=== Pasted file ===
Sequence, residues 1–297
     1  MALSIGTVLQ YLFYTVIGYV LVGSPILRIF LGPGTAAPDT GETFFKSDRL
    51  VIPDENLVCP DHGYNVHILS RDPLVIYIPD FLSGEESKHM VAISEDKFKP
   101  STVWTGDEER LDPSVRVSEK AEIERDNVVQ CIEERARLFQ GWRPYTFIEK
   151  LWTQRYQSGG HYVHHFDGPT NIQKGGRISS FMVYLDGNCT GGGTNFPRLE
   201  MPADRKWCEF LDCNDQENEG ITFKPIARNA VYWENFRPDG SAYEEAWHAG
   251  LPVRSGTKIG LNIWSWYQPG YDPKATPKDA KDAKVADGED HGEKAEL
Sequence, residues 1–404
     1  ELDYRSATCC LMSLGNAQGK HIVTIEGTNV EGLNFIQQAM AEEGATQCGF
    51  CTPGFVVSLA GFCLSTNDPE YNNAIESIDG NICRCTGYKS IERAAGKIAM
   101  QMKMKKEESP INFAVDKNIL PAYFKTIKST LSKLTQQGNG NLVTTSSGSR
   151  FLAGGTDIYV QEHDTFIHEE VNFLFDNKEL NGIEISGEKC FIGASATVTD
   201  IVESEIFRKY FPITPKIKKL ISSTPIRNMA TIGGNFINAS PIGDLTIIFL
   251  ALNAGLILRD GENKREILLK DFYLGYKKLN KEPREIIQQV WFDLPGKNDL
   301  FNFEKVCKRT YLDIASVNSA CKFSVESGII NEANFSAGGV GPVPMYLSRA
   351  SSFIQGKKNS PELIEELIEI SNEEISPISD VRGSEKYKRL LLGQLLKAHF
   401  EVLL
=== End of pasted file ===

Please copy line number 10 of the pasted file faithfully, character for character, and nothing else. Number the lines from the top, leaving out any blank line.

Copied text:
    51  CTPGFVVSLA GFCLSTNDPE YNNAIESIDG NICRCTGYKS IERAAGKIAM